The following is an excerpt from the book, Nothing Personal, Seeing Beyond the Illusion of a Separate Self by Nirmala.
Our suffering doesn’t come from any experience but from our resistance to the experience. Likewise, our joy doesn’t come from any experience; it comes from our deeper nature. It is an innate quality of our Being.
There’s a book out there with a great title: The Life We Are Given by George Leonard and Michael Murphy. So much of the time we don’t show up for the life we’re given but for the life we think we should have been given. This effort to have a different life is actually the cause of our suffering. It turns out that our joy doesn’t stem from circumstances either. It comes from just being with the life we’re given.
In hearing this, we naturally conclude that the way to end our suffering is to stop resisting. However, trying to do anything about your resistance is just another attempt to change the way things are. The only thing to do about this dilemma is to simply be willing to experience it.
A good metaphor for being with your experience in this way is trying to grow something. If you’re trying to grow a plant, you don’t go out in the yard every day and tug on it to get it to grow faster. Instead, you’re just present to the plant, to its natural unfolding. You provide the environment for that growth to take place. You water the plant and fertilize it, but you don’t actually do anything to the plant. Doing something to the plant itself could actually harm it.
The flow of conditioning is not a mistake. Part of this conditioning is the feeling that something is wrong with an experience and it needs fixing. As a result, it’s counterintuitive to approach the cause of our suffering with other than the attitude of trying to fix it. We have to learn to let it have its natural rhythm and evolution and yet be very much in contact with it.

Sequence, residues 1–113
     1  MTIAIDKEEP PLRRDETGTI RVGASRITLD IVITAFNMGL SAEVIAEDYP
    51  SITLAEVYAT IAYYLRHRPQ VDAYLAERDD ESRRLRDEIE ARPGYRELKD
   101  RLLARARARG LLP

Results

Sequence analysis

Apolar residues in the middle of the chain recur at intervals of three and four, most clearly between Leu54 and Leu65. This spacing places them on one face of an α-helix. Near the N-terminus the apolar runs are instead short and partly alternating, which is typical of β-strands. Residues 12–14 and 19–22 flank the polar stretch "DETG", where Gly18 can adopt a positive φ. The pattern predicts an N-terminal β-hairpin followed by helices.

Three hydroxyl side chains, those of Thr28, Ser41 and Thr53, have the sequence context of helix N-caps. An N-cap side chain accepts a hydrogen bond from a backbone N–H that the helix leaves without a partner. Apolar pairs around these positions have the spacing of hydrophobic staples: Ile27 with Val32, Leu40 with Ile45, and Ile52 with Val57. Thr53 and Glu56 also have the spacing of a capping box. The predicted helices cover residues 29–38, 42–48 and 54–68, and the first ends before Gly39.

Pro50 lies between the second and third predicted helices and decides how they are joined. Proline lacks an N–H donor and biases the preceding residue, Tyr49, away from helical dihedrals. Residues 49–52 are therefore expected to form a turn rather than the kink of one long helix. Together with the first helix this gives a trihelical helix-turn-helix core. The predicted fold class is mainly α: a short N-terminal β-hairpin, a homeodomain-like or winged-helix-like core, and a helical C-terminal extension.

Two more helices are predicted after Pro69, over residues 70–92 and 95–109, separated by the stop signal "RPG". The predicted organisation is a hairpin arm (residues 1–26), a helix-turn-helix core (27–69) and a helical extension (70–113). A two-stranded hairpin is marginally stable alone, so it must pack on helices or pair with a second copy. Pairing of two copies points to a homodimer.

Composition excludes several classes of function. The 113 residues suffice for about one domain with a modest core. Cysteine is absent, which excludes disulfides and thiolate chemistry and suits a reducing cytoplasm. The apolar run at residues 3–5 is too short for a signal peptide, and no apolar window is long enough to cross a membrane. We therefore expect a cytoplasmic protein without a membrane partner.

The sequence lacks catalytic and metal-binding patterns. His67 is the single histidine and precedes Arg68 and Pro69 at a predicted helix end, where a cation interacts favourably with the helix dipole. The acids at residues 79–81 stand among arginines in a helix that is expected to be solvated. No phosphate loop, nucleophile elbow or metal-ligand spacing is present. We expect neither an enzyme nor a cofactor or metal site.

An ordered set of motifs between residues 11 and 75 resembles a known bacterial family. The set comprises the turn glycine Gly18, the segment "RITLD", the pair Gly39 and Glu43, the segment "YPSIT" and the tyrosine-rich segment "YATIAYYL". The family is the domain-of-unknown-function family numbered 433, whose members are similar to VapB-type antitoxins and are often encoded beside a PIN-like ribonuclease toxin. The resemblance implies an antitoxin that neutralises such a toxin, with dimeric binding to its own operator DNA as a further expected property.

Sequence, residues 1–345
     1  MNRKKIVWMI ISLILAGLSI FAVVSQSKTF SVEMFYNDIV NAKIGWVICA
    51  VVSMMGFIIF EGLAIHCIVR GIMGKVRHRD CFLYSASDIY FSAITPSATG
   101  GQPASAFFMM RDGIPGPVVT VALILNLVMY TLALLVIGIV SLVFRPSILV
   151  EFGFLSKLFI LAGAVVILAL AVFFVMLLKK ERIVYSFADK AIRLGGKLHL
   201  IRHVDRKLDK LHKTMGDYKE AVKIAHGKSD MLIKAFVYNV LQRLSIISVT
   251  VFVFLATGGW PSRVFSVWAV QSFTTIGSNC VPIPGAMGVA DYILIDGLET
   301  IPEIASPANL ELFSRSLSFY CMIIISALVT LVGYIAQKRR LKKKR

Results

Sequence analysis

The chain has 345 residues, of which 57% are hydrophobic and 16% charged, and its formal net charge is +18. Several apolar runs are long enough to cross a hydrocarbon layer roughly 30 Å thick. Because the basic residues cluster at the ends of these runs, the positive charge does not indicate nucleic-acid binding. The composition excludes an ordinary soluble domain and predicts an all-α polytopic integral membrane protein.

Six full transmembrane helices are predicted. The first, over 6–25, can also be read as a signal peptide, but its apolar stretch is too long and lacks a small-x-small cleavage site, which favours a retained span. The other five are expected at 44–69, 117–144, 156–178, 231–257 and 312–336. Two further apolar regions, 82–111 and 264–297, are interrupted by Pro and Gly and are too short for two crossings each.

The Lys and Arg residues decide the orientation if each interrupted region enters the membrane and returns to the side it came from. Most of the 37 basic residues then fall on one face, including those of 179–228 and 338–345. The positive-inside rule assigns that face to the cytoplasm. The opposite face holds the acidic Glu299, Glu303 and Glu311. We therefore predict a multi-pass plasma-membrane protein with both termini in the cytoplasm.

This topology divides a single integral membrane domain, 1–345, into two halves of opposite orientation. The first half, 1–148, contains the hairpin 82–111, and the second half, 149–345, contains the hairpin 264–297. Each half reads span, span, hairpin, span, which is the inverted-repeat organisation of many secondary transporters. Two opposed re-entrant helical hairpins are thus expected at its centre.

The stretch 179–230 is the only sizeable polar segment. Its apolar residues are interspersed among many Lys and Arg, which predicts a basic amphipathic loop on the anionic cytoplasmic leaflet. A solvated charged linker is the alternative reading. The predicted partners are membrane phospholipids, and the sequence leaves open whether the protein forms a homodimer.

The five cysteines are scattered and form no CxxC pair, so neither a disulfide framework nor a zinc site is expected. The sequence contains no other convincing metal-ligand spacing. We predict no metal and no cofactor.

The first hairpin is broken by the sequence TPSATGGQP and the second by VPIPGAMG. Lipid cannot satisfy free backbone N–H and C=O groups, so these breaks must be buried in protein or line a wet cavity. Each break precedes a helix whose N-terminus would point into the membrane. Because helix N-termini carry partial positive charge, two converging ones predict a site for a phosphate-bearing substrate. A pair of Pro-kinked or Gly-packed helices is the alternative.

So, I’m inviting you to do some inquiry—to inquire into everything that’s in the life you are given and not to change it in anyway. Because the suffering in our lives is caused by our attempts to change things, the inquiry I’m suggesting is an inquiry into whether or not that is happening, without doing anything about it. Inquiry into what is here right now is like picking the fruit that’s ripe: Instead of going to the apple tree in the spring and being disappointed because there are no apples, you go to the strawberry patch and enjoy the strawberries—because strawberries are what is here.
All of our suffering is just our conditioning, and that’s part of the life we are given. No one grows up without conditioning. The surprise is that there’s just as much joy in being with conditioning as in being with a transcendent experience or profound realization. Because this joy is more obvious in a spiritual experience, we often make the mistake of thinking that it comes from a spiritual experience, when actually it comes from just meeting that experience, which is easy to do in the case of a spiritual experience. There can be just as much joy in meeting our conditioning, but we have to be willing to do this even if our conditioning doesn’t change. We have to be willing to let it change in its own season. Some fruit ripens in the spring and some in the fall.
Regardless of what is arising, liberation is here right now. The invitation is to inquire into what is arising—just because it’s here and not for any other reason. If conditioning is arising in you right now, even if there’s conditioning to try to fix or change things, that’s the life you are given right now. There is no better life. There is no better service than to fully experience your life and find out the truth of it. Inquire into it without trying to get rid of any part of it; it may not be the season for that part of life to ripen and be done. And yet, even when it’s not the season for apples, you still water the apple tree. So, even if it is not the time for your conditioning to end, you can still give it this gift of simply seeing it, truly looking at what’s here. That will help it ripen.